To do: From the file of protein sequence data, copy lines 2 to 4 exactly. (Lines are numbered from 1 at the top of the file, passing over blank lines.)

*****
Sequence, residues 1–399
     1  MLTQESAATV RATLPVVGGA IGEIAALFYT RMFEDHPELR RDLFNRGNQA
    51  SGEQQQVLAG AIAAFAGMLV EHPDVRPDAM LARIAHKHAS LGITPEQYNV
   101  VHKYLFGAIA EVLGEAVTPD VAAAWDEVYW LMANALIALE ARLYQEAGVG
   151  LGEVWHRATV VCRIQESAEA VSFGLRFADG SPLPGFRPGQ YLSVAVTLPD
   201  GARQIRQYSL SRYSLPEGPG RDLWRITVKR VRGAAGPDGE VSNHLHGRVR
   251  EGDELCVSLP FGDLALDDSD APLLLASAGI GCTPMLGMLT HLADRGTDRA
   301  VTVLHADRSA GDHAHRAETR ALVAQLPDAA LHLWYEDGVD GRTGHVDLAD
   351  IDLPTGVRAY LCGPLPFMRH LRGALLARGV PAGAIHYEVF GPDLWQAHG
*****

     1  MLTQESAATV RATLPVVGGA IGEIAALFYT RMFEDHPELR RDLFNRGNQA
    51  SGEQQQVLAG AIAAFAGMLV EHPDVRPDAM LARIAHKHAS LGITPEQYNV
   101  VHKYLFGAIA EVLGEAVTPD VAAAWDEVYW LMANALIALE ARLYQEAGVG